oca-Cola Bottlers Malaysia is going it alone. Coke’s franchise agreement with local bottler Fraser & Neave Holdings Bhd is set to expire in September. In March 2010, Coke announced plans to invest US$302 million in a new bottling facility in Negeri Sembilan, south of Kuala Lumpur, that will produce the company’s full line of soft drinks, water and juice products. Sites near Johor Bahru in the south of the country and on an island off the west coast (with just one bridge to the mainland) were considered and eliminated in favor of the Negeri Sembilan location with its proximity to the Kuala Lumpur market. The Enstek plant will employ more than 600 directly, and 10 times that at local suppliers and distributors.
“Within a year of the groundbreaking, we produced our first bottle,” says Vamsi Mohan, general manager. “We are very pleased that we could bring the facility to the manufacturing stage within a year, and the plant is now producing. Previously, we were importing our Minute Maid products from China into the Malaysian market. Now it’s local production.”
Mohan cites the cooperative role of the government in helping keep the project on schedule. “The governmental agencies closely guided us through the process to its logical conclusion.”
Mohan says the plant is built to cater to the capacity requirements of the Malaysian market for the next two to three years. Expansion plans call for doubling capacity within a few years, after which other sites will be considered for additional production. “At least until 2013 or 2014, we are good to go at this site,” he relates.
World Class in Every Sense
Enstek is being built as a Coca-Cola Center of Excellence, which Mohan says means “world class in terms of operating standards, safety standards and environmental standards. There is one in China and one in the Philippines, and Enstek will be one from day one. It’s a journey, but all of these principles are being incorporated.”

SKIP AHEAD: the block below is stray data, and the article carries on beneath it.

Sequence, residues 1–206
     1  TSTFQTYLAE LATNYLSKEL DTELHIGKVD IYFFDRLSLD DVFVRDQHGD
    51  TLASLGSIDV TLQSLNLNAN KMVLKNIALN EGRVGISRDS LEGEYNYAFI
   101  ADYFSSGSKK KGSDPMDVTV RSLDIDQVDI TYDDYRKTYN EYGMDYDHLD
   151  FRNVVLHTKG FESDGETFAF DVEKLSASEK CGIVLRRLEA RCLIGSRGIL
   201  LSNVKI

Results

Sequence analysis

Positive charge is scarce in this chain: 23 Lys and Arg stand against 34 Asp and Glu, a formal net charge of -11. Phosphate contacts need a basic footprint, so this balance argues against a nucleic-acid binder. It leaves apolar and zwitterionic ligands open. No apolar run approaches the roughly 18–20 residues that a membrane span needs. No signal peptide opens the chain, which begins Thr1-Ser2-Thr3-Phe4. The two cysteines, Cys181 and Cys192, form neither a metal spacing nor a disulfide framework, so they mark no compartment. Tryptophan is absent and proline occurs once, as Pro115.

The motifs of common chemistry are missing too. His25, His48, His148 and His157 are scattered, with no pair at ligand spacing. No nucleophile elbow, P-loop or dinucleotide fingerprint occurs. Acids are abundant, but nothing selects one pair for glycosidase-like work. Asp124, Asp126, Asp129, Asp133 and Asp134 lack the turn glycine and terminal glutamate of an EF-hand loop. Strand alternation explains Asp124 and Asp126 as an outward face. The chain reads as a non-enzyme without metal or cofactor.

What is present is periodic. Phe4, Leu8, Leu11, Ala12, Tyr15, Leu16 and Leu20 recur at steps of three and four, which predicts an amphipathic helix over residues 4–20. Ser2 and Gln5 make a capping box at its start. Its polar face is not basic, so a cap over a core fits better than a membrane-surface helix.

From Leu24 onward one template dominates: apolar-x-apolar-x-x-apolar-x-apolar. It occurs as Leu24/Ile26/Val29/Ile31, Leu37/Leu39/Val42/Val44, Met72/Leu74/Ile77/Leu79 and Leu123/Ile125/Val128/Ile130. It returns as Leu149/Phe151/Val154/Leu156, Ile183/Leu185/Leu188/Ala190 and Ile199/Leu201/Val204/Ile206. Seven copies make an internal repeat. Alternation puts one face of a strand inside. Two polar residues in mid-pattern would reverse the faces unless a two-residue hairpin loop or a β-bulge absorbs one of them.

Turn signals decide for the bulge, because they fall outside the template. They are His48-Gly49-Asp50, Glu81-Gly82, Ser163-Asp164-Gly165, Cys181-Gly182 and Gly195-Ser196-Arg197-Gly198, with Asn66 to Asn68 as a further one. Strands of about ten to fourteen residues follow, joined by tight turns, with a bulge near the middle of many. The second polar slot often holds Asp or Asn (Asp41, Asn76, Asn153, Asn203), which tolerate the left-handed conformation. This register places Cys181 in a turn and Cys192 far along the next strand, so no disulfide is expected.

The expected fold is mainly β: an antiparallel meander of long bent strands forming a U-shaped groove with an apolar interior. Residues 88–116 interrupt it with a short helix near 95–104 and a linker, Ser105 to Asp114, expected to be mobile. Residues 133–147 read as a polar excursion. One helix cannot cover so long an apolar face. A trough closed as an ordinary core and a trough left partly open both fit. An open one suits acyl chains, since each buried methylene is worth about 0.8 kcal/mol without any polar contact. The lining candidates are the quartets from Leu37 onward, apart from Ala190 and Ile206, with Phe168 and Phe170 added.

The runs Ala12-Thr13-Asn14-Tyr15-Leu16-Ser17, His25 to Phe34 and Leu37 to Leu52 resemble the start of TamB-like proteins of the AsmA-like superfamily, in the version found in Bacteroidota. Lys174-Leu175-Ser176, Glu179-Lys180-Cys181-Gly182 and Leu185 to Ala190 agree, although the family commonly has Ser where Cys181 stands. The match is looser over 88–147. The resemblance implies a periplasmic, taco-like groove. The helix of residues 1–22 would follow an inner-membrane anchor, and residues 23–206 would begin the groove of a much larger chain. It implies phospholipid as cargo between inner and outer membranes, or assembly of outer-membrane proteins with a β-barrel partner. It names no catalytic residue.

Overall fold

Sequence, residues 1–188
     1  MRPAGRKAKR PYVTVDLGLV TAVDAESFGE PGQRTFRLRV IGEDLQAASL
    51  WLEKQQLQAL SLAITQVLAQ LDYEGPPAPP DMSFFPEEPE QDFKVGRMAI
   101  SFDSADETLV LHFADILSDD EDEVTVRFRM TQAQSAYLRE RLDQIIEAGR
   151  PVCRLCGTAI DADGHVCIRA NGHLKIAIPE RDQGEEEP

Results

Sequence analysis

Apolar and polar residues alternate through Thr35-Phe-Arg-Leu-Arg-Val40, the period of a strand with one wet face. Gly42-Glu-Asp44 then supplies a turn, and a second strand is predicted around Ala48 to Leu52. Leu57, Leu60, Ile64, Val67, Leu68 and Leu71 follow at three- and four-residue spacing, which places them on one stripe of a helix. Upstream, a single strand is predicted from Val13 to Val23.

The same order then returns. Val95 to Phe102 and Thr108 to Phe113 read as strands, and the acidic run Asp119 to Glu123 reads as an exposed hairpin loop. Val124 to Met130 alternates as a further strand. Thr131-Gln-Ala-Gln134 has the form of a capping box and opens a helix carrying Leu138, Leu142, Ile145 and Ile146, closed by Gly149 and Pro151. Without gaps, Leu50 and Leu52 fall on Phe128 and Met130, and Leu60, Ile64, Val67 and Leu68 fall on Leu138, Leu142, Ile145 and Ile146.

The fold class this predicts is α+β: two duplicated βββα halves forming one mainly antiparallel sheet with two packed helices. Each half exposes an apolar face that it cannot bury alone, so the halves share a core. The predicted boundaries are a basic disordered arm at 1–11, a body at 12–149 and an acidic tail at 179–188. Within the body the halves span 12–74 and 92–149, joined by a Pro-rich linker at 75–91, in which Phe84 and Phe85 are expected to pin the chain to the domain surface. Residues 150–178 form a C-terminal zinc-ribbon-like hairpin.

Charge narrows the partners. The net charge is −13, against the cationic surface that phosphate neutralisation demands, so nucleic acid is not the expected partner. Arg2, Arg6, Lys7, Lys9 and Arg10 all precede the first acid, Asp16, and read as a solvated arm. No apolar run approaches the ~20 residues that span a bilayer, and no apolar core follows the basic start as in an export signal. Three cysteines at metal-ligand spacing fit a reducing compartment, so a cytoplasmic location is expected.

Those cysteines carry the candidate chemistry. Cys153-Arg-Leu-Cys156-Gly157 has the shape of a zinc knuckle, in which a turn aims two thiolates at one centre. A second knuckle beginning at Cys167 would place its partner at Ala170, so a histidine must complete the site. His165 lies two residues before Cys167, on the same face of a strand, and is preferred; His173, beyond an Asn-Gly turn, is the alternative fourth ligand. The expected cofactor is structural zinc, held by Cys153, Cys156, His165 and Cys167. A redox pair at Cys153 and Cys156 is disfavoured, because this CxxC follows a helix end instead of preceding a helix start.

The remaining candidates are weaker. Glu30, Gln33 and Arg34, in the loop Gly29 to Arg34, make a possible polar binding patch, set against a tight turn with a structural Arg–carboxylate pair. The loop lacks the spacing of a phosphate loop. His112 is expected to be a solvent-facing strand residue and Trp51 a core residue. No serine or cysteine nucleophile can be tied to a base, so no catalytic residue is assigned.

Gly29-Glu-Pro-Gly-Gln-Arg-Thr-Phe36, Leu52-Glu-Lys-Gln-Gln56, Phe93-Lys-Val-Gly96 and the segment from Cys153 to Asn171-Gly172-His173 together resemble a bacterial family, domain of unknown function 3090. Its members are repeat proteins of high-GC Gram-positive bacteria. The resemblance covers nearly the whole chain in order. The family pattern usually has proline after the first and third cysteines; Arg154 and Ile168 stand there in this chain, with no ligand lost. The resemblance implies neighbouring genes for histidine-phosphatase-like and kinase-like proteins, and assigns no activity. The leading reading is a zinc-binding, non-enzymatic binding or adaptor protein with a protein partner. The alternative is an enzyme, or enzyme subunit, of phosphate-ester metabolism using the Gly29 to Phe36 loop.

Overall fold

The greenfield plant is green in several ways, not the least of which are its LEED design and numerous sustainability features. These include roof-water harvesting from the 10-acre building (it rains on average 250 days per year) using a syphonic drainage system that directs rainwater to production uses. Approximately 10 percent to 15 percent of the plant’s water usage is from rain. Additional features include effluent water and backwash reuse, air rinsing of cans rather than water rinsing, a building automation system to regulate temperature, low-energy conveyor motors, solar heating, skylights, process heating recovery and reuse and many others.
“From the beginning, everything from construction-based disposal, the way the environmental specifications are designed, forest-certified wood for furniture — everything had to be about getting LEED points,” says Mohan. “It takes a long time, and we are a work in progress. We are going for Silver, and we are well on our way down that path.”